This analysis comes down to one bet. Zynga is growing fast and it will continue to do so, and its momentum will generate lots of cash that it needs to stay ahead of its rivals, buy talented game developers and commission new games. The valuation puts Zynga in the league of other fast-growth, highly valued companies such as Twitter, Facebook, and China’s Tencent. Since we are very early in the social gaming boom, there has to be more upside, SecondShares says. Zynga, for instance, can grow fast on other platforms beyond Facebook; it already has about 15 million monthly users on, according to, and it is moving its games to MySpace and MSN Games.

There is also upside potential because Zynga will likely be able to grow the amount of revenue per user. It can do so as it embraces alternative ways to pay for virtual goods, such as offers, or prepaid cards. Those alternatives reduce the friction for people who don’t necessarily want to use credit cards to buy goods online. By 2015, SecondShares estimates Zynga can grow its revenue per monthy average user to $3.50 a share from $2.25 a share. At that point, Zynga will be worth an estimated $10 billion, according to SecondShares.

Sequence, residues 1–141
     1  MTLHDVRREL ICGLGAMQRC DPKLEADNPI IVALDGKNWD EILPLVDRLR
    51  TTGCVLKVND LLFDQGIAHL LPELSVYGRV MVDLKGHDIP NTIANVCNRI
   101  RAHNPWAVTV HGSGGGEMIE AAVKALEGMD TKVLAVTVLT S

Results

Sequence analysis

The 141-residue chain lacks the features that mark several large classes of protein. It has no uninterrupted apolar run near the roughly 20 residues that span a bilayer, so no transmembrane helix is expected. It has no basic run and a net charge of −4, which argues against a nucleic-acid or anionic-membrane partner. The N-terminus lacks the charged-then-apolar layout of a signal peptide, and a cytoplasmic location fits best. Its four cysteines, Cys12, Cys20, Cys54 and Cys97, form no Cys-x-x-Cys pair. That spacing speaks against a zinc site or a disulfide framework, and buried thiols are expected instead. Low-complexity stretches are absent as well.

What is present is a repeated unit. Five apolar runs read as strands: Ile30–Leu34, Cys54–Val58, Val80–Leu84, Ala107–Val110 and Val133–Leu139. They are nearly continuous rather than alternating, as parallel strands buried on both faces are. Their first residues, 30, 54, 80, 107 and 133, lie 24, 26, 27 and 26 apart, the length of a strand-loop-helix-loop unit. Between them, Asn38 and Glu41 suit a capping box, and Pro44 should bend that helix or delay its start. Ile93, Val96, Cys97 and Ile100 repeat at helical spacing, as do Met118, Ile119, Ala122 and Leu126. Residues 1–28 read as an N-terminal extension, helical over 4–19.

Now we come to the risks. Zynga is very dependent on FarmVille, which is 35 percent of its monthly users and 50 percent of Zynga’s estimated revenue. But FarmVille seems to have peaked in popularity and Zynga is contemplating how to evolve the game. Also, Facebook’s decision to eliminate “notifications” in its newsfeed deleted a major sources of free ads, SecondShares said. Many people viewed these notifications as spam. Now, game companies may have to spend more money on ads, which will shift profits from the likes of Zynga to Facebook, which sells the ads. In addition, four of Zynga’s six major hits appear to be in decline, SecondShares said.

Facebook has 400 million users but could see its own growth slow, posing a risk to Zynga. Facebook is also making moves that could cut into Zynga’s profits. Facebook recently introduced Facebook Credits, a payment system that imposes a 30 percent fee on purchase of virtual goods made with Facebook Credits. This is why Zynga is moving beyond Facebook, but it may encounter a lot of competition on other platforms.

Much of SecondShares’ assessment of risks revolves around the idea that what goes up, must come down. It’s hard to imagine that Zynga will have a lock on creativity and all of the other things required for success, particularly as all sorts of rivals chase its success. Those rivals include everyone from Crowdstar to Electronic Arts.

The analysis is interesting, but it is built on a lot of assumptions that may or may not be on solid ground. Back in February, analyst firm Next Up estimated Zynga was worth just $3 billion. Is it time to join the social game gold rush and get out our picks and shovels? Do you think Zynga is worth $5 billion? Please take our poll.